William B. Johnson

Class of
William B. Johnson

William B. Johnson

“There were many amusing incidents on that crowded trip [of April 22, 1889]. Every available space was occupied and the train…traveled only about five miles an hour so that those who wished to do so could drop off, which many did, to secure a homestead.”
William Johnson


William Benjamin Johnson was born in Kentucky and graduated from Ghent College before receiving his law degree from the University of Michigan in 1882. Later that year, he opened his first law practice in Gainesville, Texas, and married Annie Conlee in 1886. He was appointed United States Commissioner at Ardmore in 1890 and was in partnership with lawyers A.C. Cruce and later, Lee Cruce, the second governor of Oklahoma. He was appointed as attorney for the U.S. Courts for the Southern District of Indian Territory (1898-1906). In 1911 he was Lieutenant Colonel on the staff of Governor Lee Cruce and was the Oklahoma delegate to the American Mining Congress in 1912. Johnston was also appointed by the Chickasaw Nation to represent them in all matters of citizenship and allotments of lands throughout his career.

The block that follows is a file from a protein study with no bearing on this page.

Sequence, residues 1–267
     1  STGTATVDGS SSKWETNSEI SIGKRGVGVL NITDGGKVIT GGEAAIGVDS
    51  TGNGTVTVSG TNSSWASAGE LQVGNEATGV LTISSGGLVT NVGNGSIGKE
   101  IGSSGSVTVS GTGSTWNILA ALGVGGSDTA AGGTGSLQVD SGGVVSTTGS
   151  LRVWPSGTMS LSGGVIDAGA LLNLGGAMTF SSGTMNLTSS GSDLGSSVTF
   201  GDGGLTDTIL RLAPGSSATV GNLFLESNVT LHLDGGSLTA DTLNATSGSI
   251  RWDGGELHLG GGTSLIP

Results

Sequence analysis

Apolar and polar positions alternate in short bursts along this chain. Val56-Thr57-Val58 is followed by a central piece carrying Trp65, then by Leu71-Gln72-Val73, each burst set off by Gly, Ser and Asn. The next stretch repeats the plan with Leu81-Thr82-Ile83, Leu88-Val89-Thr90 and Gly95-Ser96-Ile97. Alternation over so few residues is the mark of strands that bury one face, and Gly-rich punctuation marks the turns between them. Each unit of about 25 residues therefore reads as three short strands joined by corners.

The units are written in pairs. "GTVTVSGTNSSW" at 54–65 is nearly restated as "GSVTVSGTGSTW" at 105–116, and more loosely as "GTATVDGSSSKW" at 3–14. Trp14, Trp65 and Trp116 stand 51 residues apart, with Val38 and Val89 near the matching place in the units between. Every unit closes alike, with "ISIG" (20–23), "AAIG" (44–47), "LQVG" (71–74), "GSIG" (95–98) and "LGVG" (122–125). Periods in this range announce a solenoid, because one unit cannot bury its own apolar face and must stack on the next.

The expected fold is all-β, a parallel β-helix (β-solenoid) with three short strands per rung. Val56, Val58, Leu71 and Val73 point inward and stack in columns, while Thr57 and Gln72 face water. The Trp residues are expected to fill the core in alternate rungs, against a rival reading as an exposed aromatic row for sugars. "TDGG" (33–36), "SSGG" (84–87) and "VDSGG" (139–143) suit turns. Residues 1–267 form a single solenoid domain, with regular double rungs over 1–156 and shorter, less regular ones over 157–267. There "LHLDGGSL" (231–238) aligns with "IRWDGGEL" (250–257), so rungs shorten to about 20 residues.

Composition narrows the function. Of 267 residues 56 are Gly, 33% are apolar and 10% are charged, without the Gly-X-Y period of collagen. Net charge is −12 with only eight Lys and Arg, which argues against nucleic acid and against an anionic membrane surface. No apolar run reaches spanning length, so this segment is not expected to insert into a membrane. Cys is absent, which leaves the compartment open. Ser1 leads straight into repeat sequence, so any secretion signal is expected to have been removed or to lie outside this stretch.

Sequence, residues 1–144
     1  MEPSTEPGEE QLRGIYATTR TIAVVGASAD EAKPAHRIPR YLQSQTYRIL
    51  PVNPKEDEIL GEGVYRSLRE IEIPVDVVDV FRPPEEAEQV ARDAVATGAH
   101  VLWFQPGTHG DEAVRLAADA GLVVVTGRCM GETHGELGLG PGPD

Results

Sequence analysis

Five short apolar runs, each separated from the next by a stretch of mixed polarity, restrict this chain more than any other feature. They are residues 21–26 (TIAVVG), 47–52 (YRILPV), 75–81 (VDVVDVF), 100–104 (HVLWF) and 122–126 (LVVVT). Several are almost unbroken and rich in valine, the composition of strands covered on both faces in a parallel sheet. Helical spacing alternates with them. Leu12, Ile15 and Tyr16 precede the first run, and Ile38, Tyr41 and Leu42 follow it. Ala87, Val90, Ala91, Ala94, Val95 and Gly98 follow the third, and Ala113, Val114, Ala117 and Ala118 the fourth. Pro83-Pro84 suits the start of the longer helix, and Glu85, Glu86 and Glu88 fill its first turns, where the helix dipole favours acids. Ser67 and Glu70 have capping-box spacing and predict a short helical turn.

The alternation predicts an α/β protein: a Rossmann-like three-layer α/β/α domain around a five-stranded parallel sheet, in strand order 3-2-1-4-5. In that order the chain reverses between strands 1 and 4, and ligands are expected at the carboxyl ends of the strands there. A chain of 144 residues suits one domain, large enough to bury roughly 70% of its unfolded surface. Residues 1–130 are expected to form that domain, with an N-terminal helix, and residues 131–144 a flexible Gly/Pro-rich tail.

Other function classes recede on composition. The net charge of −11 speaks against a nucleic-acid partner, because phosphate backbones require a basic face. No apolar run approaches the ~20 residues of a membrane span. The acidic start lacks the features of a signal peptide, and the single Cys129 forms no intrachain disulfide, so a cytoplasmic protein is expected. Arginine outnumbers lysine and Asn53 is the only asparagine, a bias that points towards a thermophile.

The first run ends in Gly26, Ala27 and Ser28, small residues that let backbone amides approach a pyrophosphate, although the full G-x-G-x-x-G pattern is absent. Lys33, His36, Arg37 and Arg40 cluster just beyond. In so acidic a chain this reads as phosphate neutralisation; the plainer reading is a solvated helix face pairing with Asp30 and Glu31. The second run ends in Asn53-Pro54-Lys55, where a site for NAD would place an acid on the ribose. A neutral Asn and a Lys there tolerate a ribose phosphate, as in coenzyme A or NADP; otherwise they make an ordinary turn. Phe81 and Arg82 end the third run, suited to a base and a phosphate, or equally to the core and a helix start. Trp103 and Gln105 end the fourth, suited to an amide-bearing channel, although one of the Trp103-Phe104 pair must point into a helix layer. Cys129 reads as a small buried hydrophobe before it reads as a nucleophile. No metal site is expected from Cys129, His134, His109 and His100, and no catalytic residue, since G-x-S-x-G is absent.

Fun fact

Though there was never any explanation given, President Theodore Roosevelt sent a telegram to William Johnson on December 18, 1905, firing him from his job as U.S. Attorney in Ardmore. A second telegram was received later that same day in which the President apologized and reappointed Johnson to the post for another year.

Oklahoma connections

Johnson first came to Oklahoma during the day of the Land Run of April 22, 1889, and settled in Ardmore, Indian Territory, as U.S. Commissioner (1890-1939).








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